- Cargo residues – Remnants of any cargo which remain on the deck or in holds following loading or unloading. This category does not include cargo dust remaining on the deck after sweeping or dust on the external surfaces of the ship. Such garbage may be discharged at sea under specific circumstances/requirements (refer to the simplified overview of the discharge provisions of the revised MARPOL Annex V developed by IMO). It is essential to remember that besides other requirements (e.g. distance from shore) cargo residues in order to be discharged at sea they should not be harmful to the marine environment. Cargo residues which are considered harmful to the marine environment are classified according to the criteria of the United Nations Globally Harmonized System for Classification and Labelling of Chemicals (UN GHS) meeting parameters such as: acute aquatic toxicity category 1, chronic aquatic toxicity category, carcinogenicity, mutagenicity, reproductive toxicity etc
- Animal Carcasses – Bodies of any animals that are carried on board as cargo and that die or are euthanized during the voyage. Discharge of such wastes permitted at sea under specific circumstances/requirements (refer to the simplified overview of the discharge provisions of the revised MARPOL Annex V developed by IMO).
- Fishing Gear – Physical device that may be placed on or in the water or on the sea-bed with the intended purpose of capturing marine or fresh water organisms. Garbage under this category is prohibited to be discharged at sea.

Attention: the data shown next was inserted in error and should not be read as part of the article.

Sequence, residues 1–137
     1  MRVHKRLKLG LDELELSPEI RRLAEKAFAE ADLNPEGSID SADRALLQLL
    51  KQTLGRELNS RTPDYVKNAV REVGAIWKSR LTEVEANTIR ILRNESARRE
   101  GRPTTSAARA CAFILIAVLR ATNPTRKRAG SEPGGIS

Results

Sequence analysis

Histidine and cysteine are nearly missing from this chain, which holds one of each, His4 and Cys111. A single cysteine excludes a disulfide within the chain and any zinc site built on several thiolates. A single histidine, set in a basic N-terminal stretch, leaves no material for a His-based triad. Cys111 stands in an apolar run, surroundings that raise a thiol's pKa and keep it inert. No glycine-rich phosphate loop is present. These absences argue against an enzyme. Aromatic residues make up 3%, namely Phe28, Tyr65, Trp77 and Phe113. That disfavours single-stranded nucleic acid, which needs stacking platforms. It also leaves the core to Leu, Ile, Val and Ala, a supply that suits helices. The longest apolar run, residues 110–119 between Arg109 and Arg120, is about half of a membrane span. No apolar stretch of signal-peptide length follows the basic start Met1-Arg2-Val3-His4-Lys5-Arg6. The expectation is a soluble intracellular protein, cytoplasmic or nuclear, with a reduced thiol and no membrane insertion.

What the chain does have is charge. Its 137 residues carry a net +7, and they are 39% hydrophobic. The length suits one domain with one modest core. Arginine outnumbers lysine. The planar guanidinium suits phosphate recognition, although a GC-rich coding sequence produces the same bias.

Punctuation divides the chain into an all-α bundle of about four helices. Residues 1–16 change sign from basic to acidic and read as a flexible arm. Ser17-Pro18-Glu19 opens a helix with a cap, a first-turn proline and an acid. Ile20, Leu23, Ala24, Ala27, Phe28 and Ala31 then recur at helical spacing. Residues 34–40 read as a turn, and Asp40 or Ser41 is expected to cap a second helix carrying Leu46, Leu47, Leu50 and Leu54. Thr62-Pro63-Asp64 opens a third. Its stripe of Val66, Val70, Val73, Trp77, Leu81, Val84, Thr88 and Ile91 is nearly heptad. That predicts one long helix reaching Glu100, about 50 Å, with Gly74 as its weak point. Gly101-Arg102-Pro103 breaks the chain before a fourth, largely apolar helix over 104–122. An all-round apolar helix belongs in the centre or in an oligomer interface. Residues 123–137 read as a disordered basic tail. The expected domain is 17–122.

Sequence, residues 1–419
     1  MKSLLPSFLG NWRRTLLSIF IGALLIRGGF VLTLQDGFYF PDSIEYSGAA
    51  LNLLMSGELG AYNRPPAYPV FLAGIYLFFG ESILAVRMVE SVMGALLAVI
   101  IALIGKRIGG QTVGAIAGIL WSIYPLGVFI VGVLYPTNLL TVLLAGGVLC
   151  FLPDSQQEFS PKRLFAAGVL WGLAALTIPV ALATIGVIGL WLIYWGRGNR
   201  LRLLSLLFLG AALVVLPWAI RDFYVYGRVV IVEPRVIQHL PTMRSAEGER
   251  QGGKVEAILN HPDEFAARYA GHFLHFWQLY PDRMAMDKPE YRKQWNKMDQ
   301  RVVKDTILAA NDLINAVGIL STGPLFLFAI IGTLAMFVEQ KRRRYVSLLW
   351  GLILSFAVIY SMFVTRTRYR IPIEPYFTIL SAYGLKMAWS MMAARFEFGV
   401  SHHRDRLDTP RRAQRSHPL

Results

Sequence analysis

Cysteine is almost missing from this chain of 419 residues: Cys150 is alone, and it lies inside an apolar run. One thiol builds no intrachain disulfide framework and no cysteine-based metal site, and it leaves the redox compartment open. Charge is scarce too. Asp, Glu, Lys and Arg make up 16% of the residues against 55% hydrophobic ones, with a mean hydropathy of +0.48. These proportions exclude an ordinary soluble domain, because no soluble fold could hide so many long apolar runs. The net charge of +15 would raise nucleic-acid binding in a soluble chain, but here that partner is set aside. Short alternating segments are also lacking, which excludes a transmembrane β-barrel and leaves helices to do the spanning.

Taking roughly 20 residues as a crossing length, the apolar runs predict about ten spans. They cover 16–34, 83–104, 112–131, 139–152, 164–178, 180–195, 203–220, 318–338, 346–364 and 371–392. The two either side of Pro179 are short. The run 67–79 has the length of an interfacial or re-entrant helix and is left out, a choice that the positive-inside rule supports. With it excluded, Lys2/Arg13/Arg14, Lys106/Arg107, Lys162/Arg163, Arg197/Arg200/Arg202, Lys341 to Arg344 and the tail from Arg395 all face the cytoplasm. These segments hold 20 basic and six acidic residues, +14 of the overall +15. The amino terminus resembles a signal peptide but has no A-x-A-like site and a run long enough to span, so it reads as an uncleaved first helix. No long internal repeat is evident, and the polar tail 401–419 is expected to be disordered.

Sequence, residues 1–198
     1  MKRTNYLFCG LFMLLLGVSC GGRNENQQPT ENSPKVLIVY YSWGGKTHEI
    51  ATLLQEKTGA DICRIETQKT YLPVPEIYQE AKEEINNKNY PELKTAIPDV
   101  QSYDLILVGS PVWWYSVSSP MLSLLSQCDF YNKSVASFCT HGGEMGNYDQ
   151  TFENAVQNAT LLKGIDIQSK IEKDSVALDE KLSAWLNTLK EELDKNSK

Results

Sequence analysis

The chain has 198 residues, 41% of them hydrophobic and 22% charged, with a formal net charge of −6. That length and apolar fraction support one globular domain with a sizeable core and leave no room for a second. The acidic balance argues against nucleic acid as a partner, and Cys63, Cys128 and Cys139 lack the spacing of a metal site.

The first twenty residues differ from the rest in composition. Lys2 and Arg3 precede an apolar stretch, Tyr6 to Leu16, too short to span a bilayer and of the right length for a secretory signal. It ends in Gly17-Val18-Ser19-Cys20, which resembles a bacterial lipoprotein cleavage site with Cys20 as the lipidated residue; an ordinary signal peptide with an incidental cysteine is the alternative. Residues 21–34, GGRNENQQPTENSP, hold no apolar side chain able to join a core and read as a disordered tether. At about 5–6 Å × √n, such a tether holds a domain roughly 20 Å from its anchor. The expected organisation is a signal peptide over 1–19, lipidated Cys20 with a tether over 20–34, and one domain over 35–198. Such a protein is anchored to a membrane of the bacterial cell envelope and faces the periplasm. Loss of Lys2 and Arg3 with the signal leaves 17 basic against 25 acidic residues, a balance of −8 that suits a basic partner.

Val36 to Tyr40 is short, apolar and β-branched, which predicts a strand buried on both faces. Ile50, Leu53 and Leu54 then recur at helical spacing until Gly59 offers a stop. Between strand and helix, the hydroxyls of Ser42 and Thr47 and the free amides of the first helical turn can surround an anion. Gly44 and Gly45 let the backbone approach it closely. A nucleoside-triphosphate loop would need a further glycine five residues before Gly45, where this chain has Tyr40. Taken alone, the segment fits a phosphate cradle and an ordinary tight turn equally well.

These new categories represent the categories to be used for record purposes in the Garbage Record Book. The superseded MARPOL Annex V (IMO Chemical Regulations January 2013 defined six categories whereas the revised annex defines nine.
Regarding the cleaning agents mentioned above, a cleaning agent or additive is considered as not harmful for the marine environment when:
- The Chemical used is not a “harmful substance” in accordance with the criteria in MARPOL Annex III. This means substances identified by criteria such as Acute (short-term) aquatic hazard, rapidly or non-rapidly degradable substances for which there are adequate chronic toxicity data available and substances for which adequate chronic toxicity data are not available. Tables containing criteria values for the identification of harmful substances as per revised MARPOL Annex III can be found HERE. Mentioned criteria are based on those developed by the United Nations Globally Harmonized System of Classification and Labelling of Chemicals (GHS), as amended. The GHS can be found HERE.
- The Chemical used does not contain any components which are known to be carcinogenic, mutagenic or reprotoxic (CMR). In order to identify such components the GESAMP list can be used.